Thursday, June 12, 2014 12:01 am
Squabbling over the inheritance
Did Illinois history begin in 1809 and end in 1865?
The bill was introduced without thought or debate, and I don’t want to take it more seriously than it deserves. (It has been tabled for the spring session at least.) The controversy that inspired the bill, however, did at least raise the larger issue of how best to preserve and explain Illinois’ rich history to its own people.
Regular readers know that I am not a fan of the museum in its present form. But I feel about it the way a lot of people feel about Obamacare: It’s a great idea, so make it work better, don’t close it down. The Lincoln story as now told at the museum troubles me less than the story of Illinois that isn’t being told everywhere else.
First, some history about the history. The ALPLM is a museum with a library attached. That library was designated a “Presidential library” to qualify for needed federal money to help build it. (It was because of that designation that some have suggested handing administrative responsibility for the museum and library complex to the National Archives and Records Administration, which manages all the other Presidential libraries.) The problem is, what is now known as the Abraham Lincoln Presidential Library isn’t. It is the renamed Illinois State Historical Library, which collected and preserved materials on the state’s political, social and religious history since 1889. A decade ago it was renamed the Abraham Lincoln Presidential Library to (quoting the ALPLM website) “reflect its essential role – along with the adjacent Abraham Lincoln Presidential Museum – in telling the story of Abraham Lincoln’s life.”
There were compelling reasons to link the library to the museum project, the main one being that it prodded the state into spending some of its money on a badly needed new library building that otherwise might still be unbuilt. The state’s history library has an essential role in telling Lincoln’s story, yes, but that is only one of the stories it was founded to tell.
The museum to which the library that I still think of as the ISHL should be attached is the museum of Illinois history that Illinois doesn’t have yet – a publicly funded museum devoted to telling all its history. Even if you leave the “prehistoric” peoples to the Illinois State Museum, you still have the French traders, the Black Hawk War, Nauvoo and the Mormon War, steamboating, the rise of Chicago with its Great Fire and Great Migration, coal mining (including the central Illinois mine wars), lynchings and race riots in East St Louis, Chicago and Springfield, the death and (possible) resurrection of the Illinois valley. Not to mention the lives of many not-quite Lincolns. The application of even a quarter of the imagination and technical savvy marshaled to create the Presidential museum exhibits would turn any of those stories into a hell of a show.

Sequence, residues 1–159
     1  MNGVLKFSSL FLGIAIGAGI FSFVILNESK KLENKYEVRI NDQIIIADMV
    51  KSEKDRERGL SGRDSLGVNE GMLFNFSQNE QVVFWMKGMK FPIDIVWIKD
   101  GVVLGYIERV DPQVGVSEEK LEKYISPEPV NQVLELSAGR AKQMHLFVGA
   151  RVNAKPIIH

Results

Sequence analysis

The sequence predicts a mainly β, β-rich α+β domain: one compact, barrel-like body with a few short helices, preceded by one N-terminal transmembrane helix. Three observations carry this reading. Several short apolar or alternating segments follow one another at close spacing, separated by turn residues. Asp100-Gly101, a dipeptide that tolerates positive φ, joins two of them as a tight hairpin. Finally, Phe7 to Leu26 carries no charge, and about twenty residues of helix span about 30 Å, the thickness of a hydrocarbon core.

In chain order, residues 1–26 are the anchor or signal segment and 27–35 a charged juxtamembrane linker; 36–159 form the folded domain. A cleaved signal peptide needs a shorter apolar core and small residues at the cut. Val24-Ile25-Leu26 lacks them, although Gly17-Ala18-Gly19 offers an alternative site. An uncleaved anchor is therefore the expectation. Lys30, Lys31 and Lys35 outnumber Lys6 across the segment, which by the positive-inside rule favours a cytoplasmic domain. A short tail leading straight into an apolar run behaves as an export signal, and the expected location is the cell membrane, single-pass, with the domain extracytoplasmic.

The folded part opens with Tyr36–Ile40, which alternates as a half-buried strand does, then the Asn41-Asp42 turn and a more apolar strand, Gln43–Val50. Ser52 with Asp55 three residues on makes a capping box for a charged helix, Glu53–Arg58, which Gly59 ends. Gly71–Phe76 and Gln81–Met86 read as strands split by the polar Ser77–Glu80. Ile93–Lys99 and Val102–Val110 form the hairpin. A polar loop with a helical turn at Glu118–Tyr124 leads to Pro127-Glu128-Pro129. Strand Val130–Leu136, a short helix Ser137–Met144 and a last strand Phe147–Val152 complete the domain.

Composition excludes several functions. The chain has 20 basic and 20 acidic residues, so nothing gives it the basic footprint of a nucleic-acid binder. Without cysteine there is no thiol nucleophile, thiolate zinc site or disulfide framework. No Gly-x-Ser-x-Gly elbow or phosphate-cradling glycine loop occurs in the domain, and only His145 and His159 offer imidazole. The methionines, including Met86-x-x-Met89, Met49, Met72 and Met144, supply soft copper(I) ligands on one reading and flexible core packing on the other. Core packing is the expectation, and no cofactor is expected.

So – the State of Illinois has a first-rate tourist attraction that needs more and steadier funding and management appropriate to its needs, a venerable history library that has a new building but has lost much of its founding mission and a citizenry that believes that Illinois history began in 1809 and ended in 1865. One has to ask whether the State of Illinois, which governs a commonwealth rich in everything except good government, is capable of responsible stewardship of its own past.
For example, recent reports suggest that Illinois might have more history than it is willing to pay for. Sunny Fischer, who chairs the IHPA board of trustees, noted that while the ALPLM “has been mostly shielded from the worst of the budget cuts over the last few years,” the budget passed by the House of Representatives [in May] ”requires deep cuts to IHPA’s operating budget for historic sites. Unless revised, the ALPLM will be kept whole, while at least 10 state historic sites would need to be closed.”
Steven Beckett, the author of the bill backed by Madigan and the chairman of the board that would have been put in charge of the Lincoln museum, has described the Lincoln museum as “the crown jewel of history in Illinois.” So it is – but it’s a poor crown that has only one jewel.
Contact James Krohe Jr. at KroJnr@gmail.com.